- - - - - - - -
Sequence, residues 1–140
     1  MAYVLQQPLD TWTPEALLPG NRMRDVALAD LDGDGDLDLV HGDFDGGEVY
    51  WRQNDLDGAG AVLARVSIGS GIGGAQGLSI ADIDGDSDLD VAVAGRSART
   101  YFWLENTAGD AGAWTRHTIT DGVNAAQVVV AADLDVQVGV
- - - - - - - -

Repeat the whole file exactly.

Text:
Sequence, residues 1–140
     1  MAYVLQQPLD TWTPEALLPG NRMRDVALAD LDGDGDLDLV HGDFDGGEVY
    51  WRQNDLDGAG AVLARVSIGS GIGGAQGLSI ADIDGDSDLD VAVAGRSART
   101  YFWLENTAGD AGAWTRHTIT DGVNAAQVVV AADLDVQVGV